Biography of Jean-Baptiste Biot (1774-1862)

Physicist and French chemist born on April 21, 1774 in Paris and died on 3 February 1862 in the same city, who stood out as a precursor to the studies in the field of the Polarimetry.

BIOT enlisted in the French army with only eighteen years; He/She served in the artillery, although for a short space of time already that soon abandoned it to study Sciences at the prestigious École Polytechnique, so that in 1792 he/she gave classes of physics as a professor at the Collège de France. He/She did extensive research in diverse fields; He/She accompanied Gay-Lussac in its first ascent aerostatic building in 1804 one of the first hot-air balloons, which were meteorological and magnetic observations at high altitudes; and it came to form part of a series of geophysical and astronomical expeditions to Spain and Scotland (Orkney Islands). But the best-known works of Biot are those relating to the field of optics, to demonstrate by time first making some crystals of quartz rotated the plane of polarization of the light, while other crystals produced the same effect but in the opposite direction. In 1815 it was observed that certain liquids also developed this effect to be penetrated by a polarized beam of light, feature which later extended to certain solutes (for example: sugar).

After numerous observations, Biot came to the conclusion that this optical activity was a reflection of a molecular property, so that the degree of rotation of the plane of polarized light was proportional to the length of the journey and in the case of solutions, to the concentration of the solute optically active; While it was inversely proportional to the square of the wavelength of light (electromagnetic wave used). Basically with these statements in 1870 Biot established a law that bears his name (law of Biot), which subsequently proved to be very useful for the development of the Polarimetry. Biot law allows obtaining information about the molecular configuration of the tested substances, and variations in the rotation of the plane of polarization in polarized light wavelength was later used in the determination of the molecular types.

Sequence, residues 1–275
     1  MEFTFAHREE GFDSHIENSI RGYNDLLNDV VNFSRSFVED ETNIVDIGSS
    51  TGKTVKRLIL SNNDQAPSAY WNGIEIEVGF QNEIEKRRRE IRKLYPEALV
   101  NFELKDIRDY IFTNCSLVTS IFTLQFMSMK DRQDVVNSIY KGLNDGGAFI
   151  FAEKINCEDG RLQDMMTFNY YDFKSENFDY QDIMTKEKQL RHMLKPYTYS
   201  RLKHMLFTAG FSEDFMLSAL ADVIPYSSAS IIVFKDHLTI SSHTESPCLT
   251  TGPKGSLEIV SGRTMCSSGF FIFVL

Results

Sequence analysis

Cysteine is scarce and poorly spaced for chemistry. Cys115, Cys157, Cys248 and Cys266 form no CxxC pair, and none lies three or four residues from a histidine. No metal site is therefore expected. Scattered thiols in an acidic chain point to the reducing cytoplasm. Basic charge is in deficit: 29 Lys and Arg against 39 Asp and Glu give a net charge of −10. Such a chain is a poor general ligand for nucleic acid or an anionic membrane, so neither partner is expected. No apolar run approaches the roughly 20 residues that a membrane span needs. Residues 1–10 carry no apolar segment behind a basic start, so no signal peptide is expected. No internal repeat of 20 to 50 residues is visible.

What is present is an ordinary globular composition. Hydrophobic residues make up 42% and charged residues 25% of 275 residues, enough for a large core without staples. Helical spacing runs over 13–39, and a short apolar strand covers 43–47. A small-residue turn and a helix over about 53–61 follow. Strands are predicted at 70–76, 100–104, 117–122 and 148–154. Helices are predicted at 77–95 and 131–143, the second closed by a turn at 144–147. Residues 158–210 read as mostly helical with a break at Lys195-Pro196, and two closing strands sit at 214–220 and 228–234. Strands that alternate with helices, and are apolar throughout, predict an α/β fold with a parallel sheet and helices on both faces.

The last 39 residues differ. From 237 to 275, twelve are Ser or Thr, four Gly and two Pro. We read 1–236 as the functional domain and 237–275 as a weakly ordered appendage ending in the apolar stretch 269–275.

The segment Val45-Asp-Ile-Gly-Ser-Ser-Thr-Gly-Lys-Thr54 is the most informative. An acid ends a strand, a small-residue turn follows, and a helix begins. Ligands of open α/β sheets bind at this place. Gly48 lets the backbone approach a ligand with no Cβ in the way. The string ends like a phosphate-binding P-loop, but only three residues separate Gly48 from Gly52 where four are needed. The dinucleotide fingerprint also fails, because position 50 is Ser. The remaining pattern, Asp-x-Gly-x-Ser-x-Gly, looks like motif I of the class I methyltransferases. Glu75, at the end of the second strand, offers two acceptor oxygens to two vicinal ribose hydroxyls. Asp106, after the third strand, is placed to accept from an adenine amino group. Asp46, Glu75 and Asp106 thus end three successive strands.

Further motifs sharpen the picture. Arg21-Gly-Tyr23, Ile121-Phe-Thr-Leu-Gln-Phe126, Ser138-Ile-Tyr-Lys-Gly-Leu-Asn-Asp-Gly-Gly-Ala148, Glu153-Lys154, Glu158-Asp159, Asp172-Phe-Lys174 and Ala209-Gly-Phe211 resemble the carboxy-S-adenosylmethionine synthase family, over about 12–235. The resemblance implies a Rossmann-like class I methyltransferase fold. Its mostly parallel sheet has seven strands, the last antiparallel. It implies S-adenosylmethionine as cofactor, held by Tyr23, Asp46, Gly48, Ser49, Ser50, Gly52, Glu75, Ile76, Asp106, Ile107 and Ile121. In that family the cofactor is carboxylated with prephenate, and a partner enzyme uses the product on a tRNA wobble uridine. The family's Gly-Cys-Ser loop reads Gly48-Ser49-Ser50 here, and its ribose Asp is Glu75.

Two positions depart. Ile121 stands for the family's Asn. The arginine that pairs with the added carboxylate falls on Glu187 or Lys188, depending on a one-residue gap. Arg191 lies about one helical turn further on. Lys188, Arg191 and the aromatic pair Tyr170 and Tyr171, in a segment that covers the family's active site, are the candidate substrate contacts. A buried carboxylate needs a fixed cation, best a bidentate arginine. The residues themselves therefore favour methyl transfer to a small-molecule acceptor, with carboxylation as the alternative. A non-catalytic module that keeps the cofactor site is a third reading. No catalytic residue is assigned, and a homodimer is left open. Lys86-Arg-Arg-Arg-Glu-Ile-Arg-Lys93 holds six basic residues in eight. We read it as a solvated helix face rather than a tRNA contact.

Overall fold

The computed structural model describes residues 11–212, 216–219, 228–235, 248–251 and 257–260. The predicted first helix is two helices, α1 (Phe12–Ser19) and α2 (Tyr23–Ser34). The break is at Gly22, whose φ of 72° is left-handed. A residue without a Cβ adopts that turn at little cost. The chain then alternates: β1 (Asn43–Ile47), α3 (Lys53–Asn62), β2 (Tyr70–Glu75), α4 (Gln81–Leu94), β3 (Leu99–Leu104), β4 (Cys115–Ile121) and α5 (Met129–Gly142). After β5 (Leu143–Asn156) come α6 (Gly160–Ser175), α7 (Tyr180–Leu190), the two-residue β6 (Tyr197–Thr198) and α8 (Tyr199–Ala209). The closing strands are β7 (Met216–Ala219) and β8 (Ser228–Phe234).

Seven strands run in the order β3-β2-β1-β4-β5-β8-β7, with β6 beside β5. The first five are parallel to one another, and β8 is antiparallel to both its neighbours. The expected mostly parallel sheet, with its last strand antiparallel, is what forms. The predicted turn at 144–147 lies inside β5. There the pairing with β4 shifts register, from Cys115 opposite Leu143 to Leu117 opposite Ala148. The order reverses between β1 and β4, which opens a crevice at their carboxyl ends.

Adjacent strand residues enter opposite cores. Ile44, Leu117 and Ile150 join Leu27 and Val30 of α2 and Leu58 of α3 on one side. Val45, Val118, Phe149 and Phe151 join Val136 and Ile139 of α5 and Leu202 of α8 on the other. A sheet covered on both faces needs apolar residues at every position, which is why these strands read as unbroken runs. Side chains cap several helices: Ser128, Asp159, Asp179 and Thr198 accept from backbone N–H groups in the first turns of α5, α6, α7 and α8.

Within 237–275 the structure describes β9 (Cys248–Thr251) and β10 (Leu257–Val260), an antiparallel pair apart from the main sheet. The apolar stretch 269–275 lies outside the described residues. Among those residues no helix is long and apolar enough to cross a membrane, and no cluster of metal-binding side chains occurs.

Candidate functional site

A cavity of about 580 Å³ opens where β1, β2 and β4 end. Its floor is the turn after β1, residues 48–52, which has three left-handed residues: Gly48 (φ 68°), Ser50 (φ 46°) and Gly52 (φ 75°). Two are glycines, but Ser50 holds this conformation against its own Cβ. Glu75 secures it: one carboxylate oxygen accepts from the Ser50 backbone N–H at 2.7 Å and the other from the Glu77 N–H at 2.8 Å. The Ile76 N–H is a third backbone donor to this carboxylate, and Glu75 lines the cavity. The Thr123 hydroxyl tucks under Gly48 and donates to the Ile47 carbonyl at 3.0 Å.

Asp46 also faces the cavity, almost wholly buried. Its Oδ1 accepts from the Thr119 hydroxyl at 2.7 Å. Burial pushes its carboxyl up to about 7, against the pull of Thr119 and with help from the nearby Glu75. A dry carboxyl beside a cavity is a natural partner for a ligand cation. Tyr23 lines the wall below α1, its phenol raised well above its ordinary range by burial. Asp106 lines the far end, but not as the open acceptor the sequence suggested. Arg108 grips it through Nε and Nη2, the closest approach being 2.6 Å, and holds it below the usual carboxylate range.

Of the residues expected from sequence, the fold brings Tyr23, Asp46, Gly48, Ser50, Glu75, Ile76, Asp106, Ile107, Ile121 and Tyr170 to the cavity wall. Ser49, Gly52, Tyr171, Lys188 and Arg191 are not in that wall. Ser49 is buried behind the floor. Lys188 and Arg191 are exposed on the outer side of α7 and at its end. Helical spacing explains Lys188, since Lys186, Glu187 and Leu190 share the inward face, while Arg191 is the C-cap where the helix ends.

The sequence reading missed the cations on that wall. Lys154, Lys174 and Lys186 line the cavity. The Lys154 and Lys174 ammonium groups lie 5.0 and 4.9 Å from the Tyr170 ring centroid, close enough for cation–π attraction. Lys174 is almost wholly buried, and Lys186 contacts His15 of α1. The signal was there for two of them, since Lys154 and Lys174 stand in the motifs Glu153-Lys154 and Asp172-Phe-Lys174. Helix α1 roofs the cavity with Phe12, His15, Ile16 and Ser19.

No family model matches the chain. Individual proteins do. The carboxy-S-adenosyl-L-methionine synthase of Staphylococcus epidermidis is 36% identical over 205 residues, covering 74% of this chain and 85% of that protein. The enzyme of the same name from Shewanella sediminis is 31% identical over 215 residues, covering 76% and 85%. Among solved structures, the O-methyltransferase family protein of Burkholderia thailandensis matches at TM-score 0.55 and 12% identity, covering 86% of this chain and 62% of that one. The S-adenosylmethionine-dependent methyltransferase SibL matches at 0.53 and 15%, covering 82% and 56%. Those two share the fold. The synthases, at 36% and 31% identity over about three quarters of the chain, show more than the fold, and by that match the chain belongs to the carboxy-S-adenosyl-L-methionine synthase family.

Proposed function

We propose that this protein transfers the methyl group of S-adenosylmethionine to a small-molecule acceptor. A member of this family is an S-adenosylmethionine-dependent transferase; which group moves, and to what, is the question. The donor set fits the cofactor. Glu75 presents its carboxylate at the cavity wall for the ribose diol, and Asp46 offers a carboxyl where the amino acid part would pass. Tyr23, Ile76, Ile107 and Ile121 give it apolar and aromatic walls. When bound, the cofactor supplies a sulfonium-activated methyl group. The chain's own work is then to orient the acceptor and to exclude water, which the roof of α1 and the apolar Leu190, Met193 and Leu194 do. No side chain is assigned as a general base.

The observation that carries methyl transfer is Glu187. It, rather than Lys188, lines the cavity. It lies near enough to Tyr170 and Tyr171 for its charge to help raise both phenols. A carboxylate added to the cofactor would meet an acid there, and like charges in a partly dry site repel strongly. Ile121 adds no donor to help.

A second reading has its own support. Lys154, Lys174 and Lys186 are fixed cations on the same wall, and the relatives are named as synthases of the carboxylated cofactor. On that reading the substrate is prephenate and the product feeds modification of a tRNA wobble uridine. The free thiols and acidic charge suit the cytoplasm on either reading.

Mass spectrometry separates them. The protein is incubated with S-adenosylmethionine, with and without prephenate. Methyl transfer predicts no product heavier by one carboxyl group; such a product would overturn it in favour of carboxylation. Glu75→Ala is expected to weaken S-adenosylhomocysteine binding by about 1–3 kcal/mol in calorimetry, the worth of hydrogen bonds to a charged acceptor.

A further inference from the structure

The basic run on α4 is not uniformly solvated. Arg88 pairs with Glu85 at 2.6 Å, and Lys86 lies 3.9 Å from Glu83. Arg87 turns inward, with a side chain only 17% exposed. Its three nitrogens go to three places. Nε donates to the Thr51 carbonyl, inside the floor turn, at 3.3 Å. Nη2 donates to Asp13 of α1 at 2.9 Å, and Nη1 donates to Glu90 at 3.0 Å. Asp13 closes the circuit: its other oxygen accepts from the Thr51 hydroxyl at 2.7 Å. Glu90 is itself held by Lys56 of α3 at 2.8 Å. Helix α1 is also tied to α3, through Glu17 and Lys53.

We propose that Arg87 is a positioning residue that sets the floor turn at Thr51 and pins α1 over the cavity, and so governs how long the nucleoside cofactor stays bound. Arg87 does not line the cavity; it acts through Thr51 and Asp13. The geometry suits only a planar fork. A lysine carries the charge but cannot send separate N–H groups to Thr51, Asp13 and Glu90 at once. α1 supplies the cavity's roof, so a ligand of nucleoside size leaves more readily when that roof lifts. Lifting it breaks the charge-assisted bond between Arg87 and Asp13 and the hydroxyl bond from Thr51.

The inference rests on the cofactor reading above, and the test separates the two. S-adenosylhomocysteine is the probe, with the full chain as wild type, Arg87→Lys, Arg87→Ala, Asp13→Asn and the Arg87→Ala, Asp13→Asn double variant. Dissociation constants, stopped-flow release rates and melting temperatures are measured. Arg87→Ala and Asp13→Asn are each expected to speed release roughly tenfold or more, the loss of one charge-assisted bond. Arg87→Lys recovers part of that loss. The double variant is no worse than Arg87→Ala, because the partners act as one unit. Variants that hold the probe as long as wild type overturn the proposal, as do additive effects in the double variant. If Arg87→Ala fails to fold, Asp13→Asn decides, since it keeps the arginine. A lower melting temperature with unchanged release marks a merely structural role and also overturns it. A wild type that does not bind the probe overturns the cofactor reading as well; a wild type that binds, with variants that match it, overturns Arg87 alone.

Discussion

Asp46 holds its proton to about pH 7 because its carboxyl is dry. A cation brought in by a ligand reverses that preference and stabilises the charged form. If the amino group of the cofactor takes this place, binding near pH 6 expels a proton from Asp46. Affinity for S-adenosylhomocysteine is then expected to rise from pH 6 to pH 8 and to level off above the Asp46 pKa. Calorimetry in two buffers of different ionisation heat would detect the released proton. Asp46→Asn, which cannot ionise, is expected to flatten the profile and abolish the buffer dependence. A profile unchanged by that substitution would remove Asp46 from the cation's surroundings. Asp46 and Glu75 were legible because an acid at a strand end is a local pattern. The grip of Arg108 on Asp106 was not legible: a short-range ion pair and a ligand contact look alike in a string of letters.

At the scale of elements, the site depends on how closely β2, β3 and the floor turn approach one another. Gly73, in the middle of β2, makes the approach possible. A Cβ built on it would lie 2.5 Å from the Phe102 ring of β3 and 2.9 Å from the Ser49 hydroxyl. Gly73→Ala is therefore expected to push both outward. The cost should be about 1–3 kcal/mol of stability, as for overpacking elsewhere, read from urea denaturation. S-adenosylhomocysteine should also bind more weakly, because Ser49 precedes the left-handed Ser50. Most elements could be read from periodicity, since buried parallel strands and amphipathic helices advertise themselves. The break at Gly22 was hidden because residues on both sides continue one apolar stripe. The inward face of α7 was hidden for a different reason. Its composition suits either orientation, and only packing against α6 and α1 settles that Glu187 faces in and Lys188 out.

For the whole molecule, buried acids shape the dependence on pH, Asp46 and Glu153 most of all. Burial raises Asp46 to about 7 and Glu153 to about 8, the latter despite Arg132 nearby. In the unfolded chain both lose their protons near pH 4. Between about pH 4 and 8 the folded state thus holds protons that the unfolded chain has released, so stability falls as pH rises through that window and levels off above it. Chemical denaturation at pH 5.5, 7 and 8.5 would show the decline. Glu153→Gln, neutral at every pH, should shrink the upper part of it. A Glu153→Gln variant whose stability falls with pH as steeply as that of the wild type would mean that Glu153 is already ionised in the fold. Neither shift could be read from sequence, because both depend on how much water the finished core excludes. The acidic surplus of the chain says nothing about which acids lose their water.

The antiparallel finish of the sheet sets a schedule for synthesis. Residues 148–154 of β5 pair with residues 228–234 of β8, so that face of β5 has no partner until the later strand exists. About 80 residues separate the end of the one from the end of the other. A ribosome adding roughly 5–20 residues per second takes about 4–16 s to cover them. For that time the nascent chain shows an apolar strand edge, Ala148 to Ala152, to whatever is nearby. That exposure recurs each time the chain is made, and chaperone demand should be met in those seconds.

BIOT made friends with great contemporary scientists such as Laplace, and was a member of the Academy of Sciences and the Office of French lengths. His many writings include as most important the following: analysis of the Treaty of celestial mechanics of Laplace; Basic Treaty of physical astronomy; Tried to experimental physics; Collection of physical, astronomical and geodetic observations.